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Scaly-breasted Lorikeet (nesting)

Trichoglossus chlorolepidotus


I was lucky to spot a nesting pair of Scaly-breasted Lorikeets (Trichoglossus chlorolepidotus). This is an Australian native parrot species found in the lowland eucalypt forests and woodlands of eastern Australia, and belongs to the parrot family Psittaculidae. The common name aptly describes this bird, which has yellow breast feathers broadly edged with green that look like scales. It is often colloquially referred to as a "scaly" and a "greenie." Beak and eyes are red, and both sexes appear the same. Also similar in size and shape to the Rainbow Lorikeet (T. haematodus), but can be distinguished by its all-green head and body. PS: This is my 666th spotting. A spooky number :/


Spotted nesting in the hollow of a massive Sydney Blue Gum, situated on the bank of freshwater Northbrook Creek at Bryden. Dense bushland of D'aguilar National Park only a short distance away, as well as freshwater Lake Wivenhoe. Immediate area mostly cleared farmland.


I spotted here back in 2013, so passing through again I decided to see how things have changed these past 5 years, particularly now we are in drought. I was perusing the creek and surrounding area when I heard the flutter of wings above me, and knew immediately it was a Lorikeet. They have a very distinctive sound, and as I am frequented by Rainbow Lorikeets at home, it's a sound I am familiar with. Then I heard a second bird, and saw it was a pair of "greenies." But all of a sudden, things fell quiet. It was difficult to see from the ground, but unbeknown to me, both birds had actually disappeared into a tree hollow and were nesting. I waited and waited, and it took about 10 minutes before I saw a head pop out of the hollow, but it became apparent that neither bird was going to fly while I was standing nearby. The hollow was high up in the tree, so not the best photos.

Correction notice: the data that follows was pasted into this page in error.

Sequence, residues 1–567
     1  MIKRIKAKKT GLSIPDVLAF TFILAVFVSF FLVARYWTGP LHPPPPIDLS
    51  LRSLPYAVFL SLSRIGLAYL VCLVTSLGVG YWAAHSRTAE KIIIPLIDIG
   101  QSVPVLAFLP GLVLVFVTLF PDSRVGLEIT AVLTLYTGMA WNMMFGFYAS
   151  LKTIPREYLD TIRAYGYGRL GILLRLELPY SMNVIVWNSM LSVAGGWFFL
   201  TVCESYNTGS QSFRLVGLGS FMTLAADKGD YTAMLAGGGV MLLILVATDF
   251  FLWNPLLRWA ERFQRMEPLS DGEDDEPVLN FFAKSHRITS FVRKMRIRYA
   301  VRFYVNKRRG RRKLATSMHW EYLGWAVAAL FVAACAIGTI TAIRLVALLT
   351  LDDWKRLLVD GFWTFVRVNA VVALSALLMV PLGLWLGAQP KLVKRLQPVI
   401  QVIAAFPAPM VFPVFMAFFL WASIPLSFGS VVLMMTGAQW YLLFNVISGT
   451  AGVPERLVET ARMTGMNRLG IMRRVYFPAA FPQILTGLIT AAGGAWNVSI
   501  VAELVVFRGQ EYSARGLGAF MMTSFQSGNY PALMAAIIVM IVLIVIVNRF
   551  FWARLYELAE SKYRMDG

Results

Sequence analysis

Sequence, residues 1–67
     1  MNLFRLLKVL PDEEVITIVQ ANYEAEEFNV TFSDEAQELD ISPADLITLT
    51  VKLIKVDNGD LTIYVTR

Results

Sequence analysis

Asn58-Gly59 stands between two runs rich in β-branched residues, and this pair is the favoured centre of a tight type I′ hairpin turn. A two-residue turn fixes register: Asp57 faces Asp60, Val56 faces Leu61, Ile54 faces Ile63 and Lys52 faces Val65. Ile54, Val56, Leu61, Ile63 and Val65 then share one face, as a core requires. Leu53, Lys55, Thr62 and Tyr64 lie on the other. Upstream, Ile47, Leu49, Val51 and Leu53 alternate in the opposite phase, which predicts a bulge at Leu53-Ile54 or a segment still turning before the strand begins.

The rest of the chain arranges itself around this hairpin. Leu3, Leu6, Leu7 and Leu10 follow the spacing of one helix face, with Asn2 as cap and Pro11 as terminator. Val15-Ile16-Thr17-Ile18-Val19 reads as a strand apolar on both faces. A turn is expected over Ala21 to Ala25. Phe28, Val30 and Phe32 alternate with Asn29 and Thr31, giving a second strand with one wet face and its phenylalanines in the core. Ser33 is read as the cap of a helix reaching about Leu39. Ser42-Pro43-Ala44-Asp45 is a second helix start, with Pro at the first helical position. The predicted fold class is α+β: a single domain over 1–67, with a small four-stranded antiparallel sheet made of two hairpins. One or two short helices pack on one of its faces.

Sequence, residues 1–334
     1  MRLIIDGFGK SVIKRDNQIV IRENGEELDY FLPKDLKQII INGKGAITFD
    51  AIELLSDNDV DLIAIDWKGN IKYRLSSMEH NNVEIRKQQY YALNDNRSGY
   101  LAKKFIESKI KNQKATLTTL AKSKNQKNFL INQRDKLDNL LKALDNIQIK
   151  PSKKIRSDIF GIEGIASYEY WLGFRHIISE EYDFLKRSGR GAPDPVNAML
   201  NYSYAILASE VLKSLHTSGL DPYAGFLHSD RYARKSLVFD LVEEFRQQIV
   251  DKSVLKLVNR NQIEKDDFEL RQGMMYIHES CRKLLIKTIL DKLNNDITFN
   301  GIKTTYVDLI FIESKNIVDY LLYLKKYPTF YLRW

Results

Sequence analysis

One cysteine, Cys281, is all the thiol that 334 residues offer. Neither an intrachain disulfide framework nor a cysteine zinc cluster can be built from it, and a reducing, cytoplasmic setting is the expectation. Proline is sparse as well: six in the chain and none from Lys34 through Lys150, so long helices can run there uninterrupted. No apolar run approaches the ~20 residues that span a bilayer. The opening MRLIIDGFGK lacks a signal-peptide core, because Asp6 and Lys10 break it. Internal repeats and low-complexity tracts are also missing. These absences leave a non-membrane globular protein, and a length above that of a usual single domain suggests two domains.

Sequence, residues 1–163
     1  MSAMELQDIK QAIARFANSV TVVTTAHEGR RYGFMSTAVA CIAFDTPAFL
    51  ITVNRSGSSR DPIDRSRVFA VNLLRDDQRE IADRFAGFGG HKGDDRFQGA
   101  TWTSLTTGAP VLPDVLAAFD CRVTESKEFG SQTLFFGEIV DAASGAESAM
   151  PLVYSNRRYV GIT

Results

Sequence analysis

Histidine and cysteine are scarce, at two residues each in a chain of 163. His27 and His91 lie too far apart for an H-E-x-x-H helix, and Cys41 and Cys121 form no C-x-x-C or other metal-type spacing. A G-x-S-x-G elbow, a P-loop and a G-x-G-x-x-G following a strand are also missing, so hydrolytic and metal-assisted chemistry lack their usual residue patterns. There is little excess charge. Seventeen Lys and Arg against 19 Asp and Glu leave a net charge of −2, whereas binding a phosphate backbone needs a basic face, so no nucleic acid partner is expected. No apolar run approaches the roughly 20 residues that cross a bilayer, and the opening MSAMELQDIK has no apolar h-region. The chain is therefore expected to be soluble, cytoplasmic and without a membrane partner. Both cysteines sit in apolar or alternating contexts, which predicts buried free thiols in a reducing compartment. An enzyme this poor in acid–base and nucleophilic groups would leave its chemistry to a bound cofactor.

No species ID suggestions


Neil Ross
Neil Ross 7 months ago

I have a riot taking place in my backyard at present. Rainbow lorikeets are feeding on some grevilleas. I am so used to their screeching that I just tune them out, but they keep my cats entertained for hours.

DanielePralong 7 months ago

I think so Neil, because they're rarer and also beacause of that that more simple, elegant color pattern I guess. The rainbow cousins are a riot (visual and auditory!)

Neil Ross
Neil Ross 7 months ago

It was a lucky find, Leanne. I've learned to listen as much as look when outdoors. They were shy, and way-less ratbaggy than their rainbow cousins.

LeanneGardner 7 months ago

Beautiful find Neil.

Neil Ross
Neil Ross 7 months ago

Thanks, Daniele. I know what you mean. Probably because they aren't as common? I rarely see them, so to catch sight of them out here was a real treat, particularly in such a cool old tree :)

DanielePralong 7 months ago

Great series Neil! I love the scalies... somehow they're a little more special than the rainbow lorikeets ;-)

Neil Ross
Neil Ross 7 months ago

It was so awesome to see them, Lauren, particularly in a natural bush setting. Lorikeets are such likeable birds :)

LaurenZarate 7 months ago

What a treasure!

QLD, Australia

Lat: -27.30, Long: 152.62

Spotted on Aug 15, 2018
Submitted on Aug 15, 2018

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